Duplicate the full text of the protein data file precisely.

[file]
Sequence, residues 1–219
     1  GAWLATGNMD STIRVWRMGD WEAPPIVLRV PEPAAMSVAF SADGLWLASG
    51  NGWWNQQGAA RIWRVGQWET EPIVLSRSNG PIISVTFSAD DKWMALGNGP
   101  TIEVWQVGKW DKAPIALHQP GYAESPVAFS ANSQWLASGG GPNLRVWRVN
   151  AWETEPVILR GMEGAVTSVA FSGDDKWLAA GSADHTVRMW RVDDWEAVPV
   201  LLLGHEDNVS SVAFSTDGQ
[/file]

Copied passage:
Sequence, residues 1–219
     1  GAWLATGNMD STIRVWRMGD WEAPPIVLRV PEPAAMSVAF SADGLWLASG
    51  NGWWNQQGAA RIWRVGQWET EPIVLSRSNG PIISVTFSAD DKWMALGNGP
   101  TIEVWQVGKW DKAPIALHQP GYAESPVAFS ANSQWLASGG GPNLRVWRVN
   151  AWETEPVILR GMEGAVTSVA FSGDDKWLAA GSADHTVRMW RVDDWEAVPV
   201  LLLGHEDNVS SVAFSTDGQ